A few years ago, there was a new fad for children, called Cross Fit Training.1 Now, I am all for exercise—for both adults and children—but I believe that young children (0-10 years of age) are better off getting their needed exercise on the playground or in the backyard. Research has proven that kids learn better through play because it doesn’t seem like they’re working.2 They can happily engage in an unknowingly educational activity because it is fun. For example, children will eagerly put all of the red bears on the red plate and the blue bears on the blue plate, but if you ask them to do a math worksheet, they will probably stomp their feet in defiance!
I believe the same holds true with physical fitness education. If we capitalize on what children do naturally, which is exploring all of the challenges on the playground or in the backyard, then our children will automatically be keeping fit. Endurance strength, and flexibility are all built on the playground through children chasing each other, crossing the monkey bars, and bending over to pick up a ball or crawl through a tunnel. It also costs less money, takes less time, and is a lot more fun—for both children and adults! More and more playgrounds are also being built indoors for year-round gross motor fun (perhaps not during COVID-19). With all the benefits we can attribute to regular fitness activity (stronger muscles and bones; leaner bodies; decreased risk of developing Type 2 diabetes) we can’t afford not to include fitness in our children’s healthy diets. Now you can go to the playground knowing you are doing your child a lot of good, and that you are establishing positive routines for the future!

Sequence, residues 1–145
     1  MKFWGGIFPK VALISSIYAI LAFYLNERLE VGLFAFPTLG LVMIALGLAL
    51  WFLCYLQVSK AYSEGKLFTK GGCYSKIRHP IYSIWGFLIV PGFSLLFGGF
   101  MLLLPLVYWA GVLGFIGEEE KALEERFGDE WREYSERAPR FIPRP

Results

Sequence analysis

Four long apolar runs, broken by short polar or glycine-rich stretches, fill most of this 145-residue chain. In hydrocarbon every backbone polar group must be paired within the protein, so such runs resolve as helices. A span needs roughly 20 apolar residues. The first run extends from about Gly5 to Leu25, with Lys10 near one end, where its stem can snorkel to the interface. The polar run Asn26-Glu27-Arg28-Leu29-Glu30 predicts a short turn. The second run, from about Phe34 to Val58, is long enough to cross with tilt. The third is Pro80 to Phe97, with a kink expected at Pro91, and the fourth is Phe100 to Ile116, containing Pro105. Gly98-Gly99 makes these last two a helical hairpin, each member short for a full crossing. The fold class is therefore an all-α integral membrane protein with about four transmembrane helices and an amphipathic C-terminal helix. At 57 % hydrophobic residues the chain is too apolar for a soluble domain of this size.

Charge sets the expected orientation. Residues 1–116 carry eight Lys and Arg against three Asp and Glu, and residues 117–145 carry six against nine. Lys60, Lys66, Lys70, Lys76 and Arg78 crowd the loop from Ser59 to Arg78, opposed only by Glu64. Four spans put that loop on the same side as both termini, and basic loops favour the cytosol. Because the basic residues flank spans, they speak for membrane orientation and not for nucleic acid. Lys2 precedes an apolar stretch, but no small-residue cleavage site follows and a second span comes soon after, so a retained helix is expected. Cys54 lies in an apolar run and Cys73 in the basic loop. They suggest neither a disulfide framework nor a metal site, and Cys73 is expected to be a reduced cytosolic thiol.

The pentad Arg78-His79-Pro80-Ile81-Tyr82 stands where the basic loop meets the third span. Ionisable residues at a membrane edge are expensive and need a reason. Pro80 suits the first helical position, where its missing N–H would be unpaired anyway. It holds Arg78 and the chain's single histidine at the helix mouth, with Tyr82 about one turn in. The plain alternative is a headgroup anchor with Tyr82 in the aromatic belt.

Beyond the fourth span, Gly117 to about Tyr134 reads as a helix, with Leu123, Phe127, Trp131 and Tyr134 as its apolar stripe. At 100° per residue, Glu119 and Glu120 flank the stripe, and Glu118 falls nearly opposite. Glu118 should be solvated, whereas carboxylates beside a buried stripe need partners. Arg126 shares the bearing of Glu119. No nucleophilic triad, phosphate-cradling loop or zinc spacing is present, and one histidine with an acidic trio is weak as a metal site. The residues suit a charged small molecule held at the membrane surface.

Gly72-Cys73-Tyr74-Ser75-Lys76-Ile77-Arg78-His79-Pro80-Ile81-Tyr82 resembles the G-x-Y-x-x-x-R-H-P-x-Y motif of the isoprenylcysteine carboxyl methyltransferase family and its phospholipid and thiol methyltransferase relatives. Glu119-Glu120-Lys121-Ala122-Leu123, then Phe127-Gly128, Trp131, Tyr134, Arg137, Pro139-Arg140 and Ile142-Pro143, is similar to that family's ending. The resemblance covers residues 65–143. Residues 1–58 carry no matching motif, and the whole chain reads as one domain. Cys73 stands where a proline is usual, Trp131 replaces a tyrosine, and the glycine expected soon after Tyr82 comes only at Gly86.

2 Want to get your kids into college? Let them play By Erika Christakis and Nicholas Christakis, Special to CNN December 29, 2010 7:57am EST: Early Childhood News, the Worksheet Dilemma: Benefits of Play-Based Curricula By Sue Grossman, Ph.D. (http://www.earlychildhoodnews.com/earlychildhood/article_print.aspx?Articleld=134)